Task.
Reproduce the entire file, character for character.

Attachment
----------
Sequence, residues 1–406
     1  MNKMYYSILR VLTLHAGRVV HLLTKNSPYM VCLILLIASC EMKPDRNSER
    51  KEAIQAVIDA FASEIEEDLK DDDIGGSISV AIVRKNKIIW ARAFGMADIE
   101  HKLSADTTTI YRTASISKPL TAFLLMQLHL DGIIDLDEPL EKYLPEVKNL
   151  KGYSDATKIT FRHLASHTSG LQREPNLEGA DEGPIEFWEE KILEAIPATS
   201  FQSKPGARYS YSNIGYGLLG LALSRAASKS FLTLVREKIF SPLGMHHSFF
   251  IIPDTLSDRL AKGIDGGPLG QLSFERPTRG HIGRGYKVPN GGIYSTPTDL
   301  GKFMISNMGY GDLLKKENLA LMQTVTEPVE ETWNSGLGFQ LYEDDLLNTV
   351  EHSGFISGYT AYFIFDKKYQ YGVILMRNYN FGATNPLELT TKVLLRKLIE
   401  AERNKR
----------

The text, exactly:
Sequence, residues 1–406
     1  MNKMYYSILR VLTLHAGRVV HLLTKNSPYM VCLILLIASC EMKPDRNSER
    51  KEAIQAVIDA FASEIEEDLK DDDIGGSISV AIVRKNKIIW ARAFGMADIE
   101  HKLSADTTTI YRTASISKPL TAFLLMQLHL DGIIDLDEPL EKYLPEVKNL
   151  KGYSDATKIT FRHLASHTSG LQREPNLEGA DEGPIEFWEE KILEAIPATS
   201  FQSKPGARYS YSNIGYGLLG LALSRAASKS FLTLVREKIF SPLGMHHSFF
   251  IIPDTLSDRL AKGIDGGPLG QLSFERPTRG HIGRGYKVPN GGIYSTPTDL
   301  GKFMISNMGY GDLLKKENLA LMQTVTEPVE ETWNSGLGFQ LYEDDLLNTV
   351  EHSGFISGYT AYFIFDKKYQ YGVILMRNYN FGATNPLELT TKVLLRKLIE
   401  AERNKR